QContinuum

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Re: Prestige v. opportunity

Postby QContinuum » Wed Aug 15, 2018 3:33 pm

Anonymous User wrote:
QContinuum wrote:Obviously this is Gibson D.C. vs. MTO LA. I don't think either can really be considered "more prestigious" - both are super prestigious, just slightly different. IMO this should come down to whether OP's more drawn to general litigation vs. specifically appellate work. If the latter, GDC's the obvious answer. If the former, I'd lean toward MTO, unless OP would prefer to settle down in D.C.


I think a lot of it comes down to the culture as well. My sense of Gibson DC is that it's more of a boys' club. So even though I'm also HYS and have an appellate clerkship on 2/9/DC, I'd be inclined to take Munger because I'm a minority, first-generation immigrant, and woman, and I didn't particularly like the people I met with there. Their NY office is more women friendly though.


Good point - my reading was that OP leans conservative (given his/her interest in Gibson's appellate work) so wouldn't have an issue with the more conservative leaning of Gibson DC. But yes, office culture should certainly be taken into account.

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Re: Prestige v. opportunity

Postby Anonymous User » Thu Aug 16, 2018 8:40 am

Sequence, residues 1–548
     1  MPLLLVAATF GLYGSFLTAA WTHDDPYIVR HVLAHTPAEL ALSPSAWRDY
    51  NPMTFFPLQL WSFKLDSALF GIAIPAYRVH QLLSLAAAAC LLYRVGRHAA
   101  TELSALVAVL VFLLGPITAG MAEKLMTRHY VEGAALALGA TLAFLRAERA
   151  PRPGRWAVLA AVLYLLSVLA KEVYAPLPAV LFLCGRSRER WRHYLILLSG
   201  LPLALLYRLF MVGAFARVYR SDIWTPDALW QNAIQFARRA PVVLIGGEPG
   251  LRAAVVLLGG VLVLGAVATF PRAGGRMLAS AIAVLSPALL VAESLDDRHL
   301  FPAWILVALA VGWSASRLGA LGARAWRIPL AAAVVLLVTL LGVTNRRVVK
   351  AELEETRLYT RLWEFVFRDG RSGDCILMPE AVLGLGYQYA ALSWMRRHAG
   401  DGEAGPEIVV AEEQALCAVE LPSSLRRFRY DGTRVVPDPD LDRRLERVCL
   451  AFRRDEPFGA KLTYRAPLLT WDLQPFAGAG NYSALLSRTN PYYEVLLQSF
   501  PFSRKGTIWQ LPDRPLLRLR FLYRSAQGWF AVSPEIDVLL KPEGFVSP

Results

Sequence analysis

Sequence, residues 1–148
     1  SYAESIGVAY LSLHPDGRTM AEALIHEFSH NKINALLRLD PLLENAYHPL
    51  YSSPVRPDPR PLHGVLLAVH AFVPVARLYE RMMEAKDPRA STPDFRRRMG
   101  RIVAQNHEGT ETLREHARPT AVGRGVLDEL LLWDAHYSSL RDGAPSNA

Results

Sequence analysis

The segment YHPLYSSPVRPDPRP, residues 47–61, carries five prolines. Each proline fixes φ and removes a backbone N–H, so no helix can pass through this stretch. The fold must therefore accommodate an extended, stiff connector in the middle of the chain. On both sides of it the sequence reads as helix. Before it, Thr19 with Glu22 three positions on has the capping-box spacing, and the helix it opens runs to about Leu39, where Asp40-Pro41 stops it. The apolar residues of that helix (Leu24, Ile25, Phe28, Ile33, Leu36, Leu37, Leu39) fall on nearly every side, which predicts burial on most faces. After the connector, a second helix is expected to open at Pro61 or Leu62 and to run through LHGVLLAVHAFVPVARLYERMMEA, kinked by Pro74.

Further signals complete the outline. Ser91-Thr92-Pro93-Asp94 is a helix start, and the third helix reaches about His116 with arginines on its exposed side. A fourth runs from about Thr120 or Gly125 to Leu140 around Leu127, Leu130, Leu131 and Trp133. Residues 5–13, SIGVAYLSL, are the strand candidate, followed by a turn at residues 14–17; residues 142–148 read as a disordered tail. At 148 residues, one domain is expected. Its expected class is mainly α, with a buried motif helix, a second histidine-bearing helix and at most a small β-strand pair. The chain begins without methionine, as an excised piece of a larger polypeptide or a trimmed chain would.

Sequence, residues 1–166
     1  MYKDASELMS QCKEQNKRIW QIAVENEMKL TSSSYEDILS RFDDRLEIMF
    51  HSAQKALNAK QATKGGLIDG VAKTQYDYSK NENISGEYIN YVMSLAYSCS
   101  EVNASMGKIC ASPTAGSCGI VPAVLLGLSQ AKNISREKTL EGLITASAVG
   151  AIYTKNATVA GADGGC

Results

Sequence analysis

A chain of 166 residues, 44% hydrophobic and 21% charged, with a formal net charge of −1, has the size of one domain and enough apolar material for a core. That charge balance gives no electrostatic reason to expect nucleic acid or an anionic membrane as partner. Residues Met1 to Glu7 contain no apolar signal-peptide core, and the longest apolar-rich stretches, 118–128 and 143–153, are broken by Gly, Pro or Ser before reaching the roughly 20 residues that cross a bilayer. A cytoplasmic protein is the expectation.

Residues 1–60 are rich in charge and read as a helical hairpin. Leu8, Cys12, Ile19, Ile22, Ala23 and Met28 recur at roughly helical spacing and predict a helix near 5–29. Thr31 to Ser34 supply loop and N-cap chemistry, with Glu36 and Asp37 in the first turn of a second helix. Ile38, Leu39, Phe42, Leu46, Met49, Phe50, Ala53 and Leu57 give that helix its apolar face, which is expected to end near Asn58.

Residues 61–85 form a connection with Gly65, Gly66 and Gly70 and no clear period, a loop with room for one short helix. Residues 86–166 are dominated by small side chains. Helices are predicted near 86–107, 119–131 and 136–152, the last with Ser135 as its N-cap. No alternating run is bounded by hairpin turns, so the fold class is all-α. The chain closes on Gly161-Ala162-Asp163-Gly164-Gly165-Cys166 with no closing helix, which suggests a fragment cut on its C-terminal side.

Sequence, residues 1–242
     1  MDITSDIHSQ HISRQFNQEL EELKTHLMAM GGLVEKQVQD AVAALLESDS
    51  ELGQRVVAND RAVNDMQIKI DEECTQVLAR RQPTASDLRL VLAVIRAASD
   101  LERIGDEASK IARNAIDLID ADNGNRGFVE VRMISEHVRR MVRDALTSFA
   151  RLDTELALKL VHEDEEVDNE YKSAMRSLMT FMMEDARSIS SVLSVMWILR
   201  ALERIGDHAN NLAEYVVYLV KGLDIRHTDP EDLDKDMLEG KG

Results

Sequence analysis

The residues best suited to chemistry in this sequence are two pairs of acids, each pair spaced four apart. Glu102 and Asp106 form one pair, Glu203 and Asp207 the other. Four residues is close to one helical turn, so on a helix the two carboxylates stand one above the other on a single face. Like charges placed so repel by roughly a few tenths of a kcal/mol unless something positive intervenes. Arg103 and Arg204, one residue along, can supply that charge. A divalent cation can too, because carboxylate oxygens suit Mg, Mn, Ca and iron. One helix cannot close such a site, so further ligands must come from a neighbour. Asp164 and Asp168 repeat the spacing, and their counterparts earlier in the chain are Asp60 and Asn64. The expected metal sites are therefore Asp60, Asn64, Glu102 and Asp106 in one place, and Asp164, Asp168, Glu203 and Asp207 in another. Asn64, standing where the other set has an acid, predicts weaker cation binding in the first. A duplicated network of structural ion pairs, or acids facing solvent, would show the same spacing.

How likely are you to do appellate at any top DC firm without a clerkship? It depends a bit on the firm, but my sense is that it is generally difficult to get much appellate lit at the fancy shops without clerking, since those firms also have so many COA clerks.

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Re: Prestige v. opportunity

Postby Anonymous User » Thu Aug 16, 2018 9:58 am

Why assume you get more opportunity at a less prestigious firm? Prestige = higher profile, more serious and higher margin work. I don't know anything about litigation but on the transactional side, I heard of 3rd year associates at Wachtell and Cravath doing things partners do at lower-ranked firms.

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Re: Prestige v. opportunity

Postby Anonymous User » Thu Aug 16, 2018 10:02 am

You need to go to the market you want to be in. I have a lot of friends that chose prestige in New York because they think going to a V10 is like the Majors versus the Minors and now they seem unhappy and are already plotting their exits back to their home markets which may or may not have a spot for them but if you’re doing the same shit it’s the same shit. Where you live has a serious effect on your QoL. So that should be the determining factor.

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Re: Prestige v. opportunity

Postby Anonymous User » Thu Aug 16, 2018 11:02 am

Anonymous User wrote:How likely are you to do appellate at any top DC firm without a clerkship? It depends a bit on the firm, but my sense is that it is generally difficult to get much appellate lit at the fancy shops without clerking, since those firms also have so many COA clerks.


Not same anon but I’m interested in this. Even with a COA clerkship, is it tough to get appellate work at a firm with a leading DC appellate group such as the one OP is considering?